The artist Astha Butail, born in 1977 in Amritsar, India, just finished an exceptional one-year long expedition within her artistic journey. Her work uses geometry to understand how different composite elements of an entity relate to its whole. Butail’s research on systems of cultures started in 2009 when she began learning Sanskrit and memorised a collection of hymns. In 2017, her project In the Absence of Writing was awarded the BMW Art Journey prize. In this work, she wanted to examine oral traditions that are still alive today. Within the last months, Astha Butail has investigated the Zoroastrian Avesta, the Jewish Oral Torah, and the Indian Veda traditions by experiencing and recording their different memory techniques and interviewing scholars and practitioners of each tradition in various cities across the world.
Just two weeks after her return from the journey, the artist presented the achievements of her trip at Art Basel Hong Kong. Sitting precisely at the spot where her project was nominated last year, Astha Butail excitedly tells me about her project and her travels to Iran, Israel, United Kingdom, and India, where she researched memory patterns that keep ancient traditions alive.
How did your journey start?
Ok, where do I start … In 2012, I had constructed a journey for myself and my own artistic practice. I had received a financial opportunity to either travel to another destination or to do something for myself. I took advice from one of the priests that I met during my trip to twelve ritual points in Himachal Pradesh, a state in India. The journey was fifteen days. It was wonderful because I was going to prehistoric temples, and I was dealing with only one main godhead at that point, asking how did the godhead change for different centuries? And I came back with my observations. So, when I got this award, my first thoughts went to the journey that I did in 2012. I thought that this one could be at an even grander level and vast scope. I could make a dream, and that dream could come true.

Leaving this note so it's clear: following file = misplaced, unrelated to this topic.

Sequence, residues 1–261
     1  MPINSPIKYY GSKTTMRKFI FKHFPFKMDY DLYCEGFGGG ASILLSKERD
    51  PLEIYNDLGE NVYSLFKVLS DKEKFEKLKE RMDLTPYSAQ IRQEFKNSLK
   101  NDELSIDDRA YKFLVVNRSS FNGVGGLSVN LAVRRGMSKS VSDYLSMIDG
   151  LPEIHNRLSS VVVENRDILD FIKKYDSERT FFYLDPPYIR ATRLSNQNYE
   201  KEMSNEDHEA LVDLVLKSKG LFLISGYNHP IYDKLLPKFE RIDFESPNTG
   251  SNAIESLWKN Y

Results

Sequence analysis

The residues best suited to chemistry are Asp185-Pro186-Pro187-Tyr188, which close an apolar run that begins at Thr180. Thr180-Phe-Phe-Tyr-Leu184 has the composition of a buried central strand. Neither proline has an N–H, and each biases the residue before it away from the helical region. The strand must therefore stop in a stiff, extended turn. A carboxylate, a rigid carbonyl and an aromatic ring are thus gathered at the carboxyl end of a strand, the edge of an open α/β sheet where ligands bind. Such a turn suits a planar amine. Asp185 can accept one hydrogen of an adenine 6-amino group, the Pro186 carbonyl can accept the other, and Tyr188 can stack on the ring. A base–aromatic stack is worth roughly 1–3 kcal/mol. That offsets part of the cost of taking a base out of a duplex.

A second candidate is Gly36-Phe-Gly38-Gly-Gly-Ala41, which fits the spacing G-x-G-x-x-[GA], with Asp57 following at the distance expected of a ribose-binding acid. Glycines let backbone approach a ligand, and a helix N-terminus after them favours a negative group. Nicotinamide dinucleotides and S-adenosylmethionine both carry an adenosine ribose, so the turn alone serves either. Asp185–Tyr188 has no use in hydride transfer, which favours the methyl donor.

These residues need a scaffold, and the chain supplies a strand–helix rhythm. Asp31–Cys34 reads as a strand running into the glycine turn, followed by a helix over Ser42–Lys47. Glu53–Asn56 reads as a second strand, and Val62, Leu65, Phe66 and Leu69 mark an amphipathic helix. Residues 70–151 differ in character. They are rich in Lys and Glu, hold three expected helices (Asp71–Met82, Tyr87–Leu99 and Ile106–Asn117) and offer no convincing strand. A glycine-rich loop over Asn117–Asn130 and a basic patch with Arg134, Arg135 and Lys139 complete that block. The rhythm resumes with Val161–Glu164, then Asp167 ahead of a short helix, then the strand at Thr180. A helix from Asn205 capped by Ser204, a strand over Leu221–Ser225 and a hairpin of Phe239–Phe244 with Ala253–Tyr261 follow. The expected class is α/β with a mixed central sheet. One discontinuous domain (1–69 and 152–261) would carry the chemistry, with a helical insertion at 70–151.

After you were selected for the fifth BMW Art Journey last year, how did you plan your research focus for the travels?
I have been a student of the Sanskrit language for the last twelve years. For youngsters in my country, Sanskrit is almost like a foreign language. It’s not a spoken language. But it's the language in which oral laws are stored, and in which oral poetry is set and recited. When you become more mature, you also travel to other destinations, you know to see a little bit of what's going on outside of your own square. And it dawned on me: I said, where is my identity in terms of that? And that's why I came back to Sanskrit. I wanted to connect to this old book of knowledge called the Rigveda. After finding my first teacher who introduced me into the Rigveda and Sanskrit, I learned oral poems and rituals. If somebody told me to perform a ritual, I would start hating it, and I would hate the ritual. But after I started reading and understanding the Rigveda, I said: Oh, it's very scientific, the rituals are scientific. Then it became like a discovery. That's what keeps me going, and that's the journey actually, that's the real journey.